2. April 6, Geraldo Perdomo, Arizona Diamondbacks

The situation: Arizona scored in the tenth inning, but the Rockies answered with a run of their own in the bottom half. The Diamondbacks had a secret weapon, though: blindingly fast Tim Locastro made the last out of the tenth, so they started the 11th inning with one of the best baserunners in the majors on second. Perdomo isn’t a major league caliber hitter; he was playing while the team waited for Nick Ahmed to return from the IL. A sacrifice attempt was in order.
The play:

The cost: -.222 WPA
Bunting is hard! There are so many things to keep track of. Where are the infielders? Who’s covering the relevant base when the infielders crash? What kind of pitch should you look for? Is the runner far enough afield that you need to offer to keep him from getting hung up? Perdomo might have been thinking about those things… but he just hit the ball directly into the ground, so close to home plate that Elias Díaz was still in the batter’s box when he fielded the ball. Locastro is the best baserunner you could ask for, or at least on a short list… and he was out by so much:

1. June 3, José Rondón, St. Louis Cardinals

The situation: The Cardinals trailed by two runs in the bottom of the ninth inning. Lucas Sims gave up a single to start the inning. Edmundo Sosa followed with a perfectly placed bunt down the third base line — going for a hit all the way — and St. Louis had the tying run on base with no one out. Rondón, a depth call-up, was due up next. Mike Shildt put the bunt on, and disaster nearly struck on the first pitch when the Reds ran a pickoff play at second base. Then disaster struck for real.
The play:

The cost: -.267 WPA
Oh no. Oh no no no. Rondón is not a bunter. Since the start of the 2017 minor league season, he’s only sacrificed three times successfully. Matt Carpenter isn’t exactly a burner; the Reds had a good chance at getting him if the bunt wasn’t good. Not only that, but outs were at a premium, as the Cardinals only had three of them left and couldn’t afford to spend them willy-nilly.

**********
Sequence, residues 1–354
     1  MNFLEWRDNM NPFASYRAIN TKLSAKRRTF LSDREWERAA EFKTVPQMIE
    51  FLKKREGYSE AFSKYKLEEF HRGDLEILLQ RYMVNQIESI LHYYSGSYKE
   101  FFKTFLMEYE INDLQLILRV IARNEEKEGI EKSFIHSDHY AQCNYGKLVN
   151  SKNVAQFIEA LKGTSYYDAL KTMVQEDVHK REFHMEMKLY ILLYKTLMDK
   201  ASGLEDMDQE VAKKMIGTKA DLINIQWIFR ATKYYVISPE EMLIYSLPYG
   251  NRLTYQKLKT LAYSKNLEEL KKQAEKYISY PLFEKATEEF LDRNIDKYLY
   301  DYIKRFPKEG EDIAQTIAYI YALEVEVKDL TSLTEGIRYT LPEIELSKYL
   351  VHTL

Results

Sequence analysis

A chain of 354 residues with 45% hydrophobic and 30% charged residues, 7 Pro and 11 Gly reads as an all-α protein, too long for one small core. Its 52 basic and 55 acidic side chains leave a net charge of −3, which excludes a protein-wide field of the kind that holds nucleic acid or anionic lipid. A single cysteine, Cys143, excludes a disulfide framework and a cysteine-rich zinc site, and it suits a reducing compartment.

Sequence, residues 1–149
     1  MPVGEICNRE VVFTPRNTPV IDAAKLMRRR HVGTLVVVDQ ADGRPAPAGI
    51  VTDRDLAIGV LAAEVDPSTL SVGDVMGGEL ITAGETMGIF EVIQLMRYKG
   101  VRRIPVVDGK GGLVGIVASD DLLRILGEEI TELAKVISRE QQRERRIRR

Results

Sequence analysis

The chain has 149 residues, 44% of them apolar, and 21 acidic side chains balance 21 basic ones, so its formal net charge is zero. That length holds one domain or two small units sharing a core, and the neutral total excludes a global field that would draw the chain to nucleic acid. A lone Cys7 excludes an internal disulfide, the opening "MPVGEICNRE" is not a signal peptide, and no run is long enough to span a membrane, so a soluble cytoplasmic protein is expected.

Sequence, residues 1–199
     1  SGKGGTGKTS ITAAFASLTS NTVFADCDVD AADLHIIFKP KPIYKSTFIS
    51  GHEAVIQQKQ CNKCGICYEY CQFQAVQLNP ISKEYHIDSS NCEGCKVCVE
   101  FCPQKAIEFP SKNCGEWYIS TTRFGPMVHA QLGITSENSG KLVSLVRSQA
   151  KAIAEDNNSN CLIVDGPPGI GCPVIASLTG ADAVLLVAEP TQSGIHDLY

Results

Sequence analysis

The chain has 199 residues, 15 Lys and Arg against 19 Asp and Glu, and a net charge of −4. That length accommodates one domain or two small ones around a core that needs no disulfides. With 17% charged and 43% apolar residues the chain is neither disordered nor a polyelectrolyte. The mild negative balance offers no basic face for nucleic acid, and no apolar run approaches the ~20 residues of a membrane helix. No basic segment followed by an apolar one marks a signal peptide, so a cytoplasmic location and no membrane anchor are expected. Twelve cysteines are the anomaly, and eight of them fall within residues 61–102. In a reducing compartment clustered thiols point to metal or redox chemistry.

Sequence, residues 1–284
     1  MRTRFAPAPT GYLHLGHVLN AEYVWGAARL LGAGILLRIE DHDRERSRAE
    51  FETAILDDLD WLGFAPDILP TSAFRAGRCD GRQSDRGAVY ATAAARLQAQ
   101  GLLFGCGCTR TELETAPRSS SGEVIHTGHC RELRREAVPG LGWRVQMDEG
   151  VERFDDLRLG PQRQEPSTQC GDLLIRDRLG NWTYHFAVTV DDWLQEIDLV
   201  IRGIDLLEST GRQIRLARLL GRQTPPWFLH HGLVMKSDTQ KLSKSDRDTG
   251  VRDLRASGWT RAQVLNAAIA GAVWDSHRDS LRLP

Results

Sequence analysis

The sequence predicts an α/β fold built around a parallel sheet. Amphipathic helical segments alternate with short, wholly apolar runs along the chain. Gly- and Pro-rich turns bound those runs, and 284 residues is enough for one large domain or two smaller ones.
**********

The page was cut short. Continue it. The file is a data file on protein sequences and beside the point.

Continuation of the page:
That bunt was abysmal. Rondón was trying to pull back when he made contact with the ball. Even worse, he had one of the worst home-to-first times of the year. I clocked him at just over five seconds, which is Yadier Molina territory. Rondón is average down the line — he’s in the 4.35 range normally — but his brain just shorted out. He got confused when Tucker Barnhart charged the ball and just stood in the batter’s box for nearly a half-second.

If he had bunted the ball five feet farther in any direction, it would have been fine. If he had been bunting on the run, letting his momentum carry him up the line, it would have been fine. If he’d successfully pulled his bat back, it would have been fine. He did none of those things.

It’s hard to blame Rondón, though. Why would you bunt here? There were only three outs left in the game. If the Cardinals had pulled off a bunt, they would still have lost 3.7% of a win by bunting. They had pinch-hitters available; they’d only used one all game at the time. If Shildt honestly thought Rondón was such a bad batter that he would cost the team so much by batting, he could replace him.

Asked about it after the game, Shildt didn’t exactly make his case convincingly. “Either one can hit the ball out of the ballpark,” he said of the next two batters, pinch-hitter Paul Goldschmidt and Tommy Edman. That sounds like a great reason not to bunt if you ask me. But maybe he thought Rondón was secretly a great bunter? “We probably should work on our bunting more in spring training with guys like him who don’t get many opportunities,” Shildt said. Oh. Well then. If you want to have one of the worst bunts of the year, you need this kind of thought process and this kind of execution.

Will another bunt topple Rondón’s (and Shildt’s) as the worst of the year? Only time — and another GIF-filled article — will tell.

Ben is a writer at FanGraphs. He can be found on Twitter @_Ben_Clemens.

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Ryan DCmember
1 year ago

Bunting into a triple play is so funny, it’s literally the worst possible baseball outcome for that at-bat. The gap between the desired and actual result could not possibly be larger. Incredible.

Pike Parker
1 year ago
Reply to  Ryan DC

I’m more curious about the gap between the expected and the desired result.

(great article, Mr. Clemens… I love stuff like this!)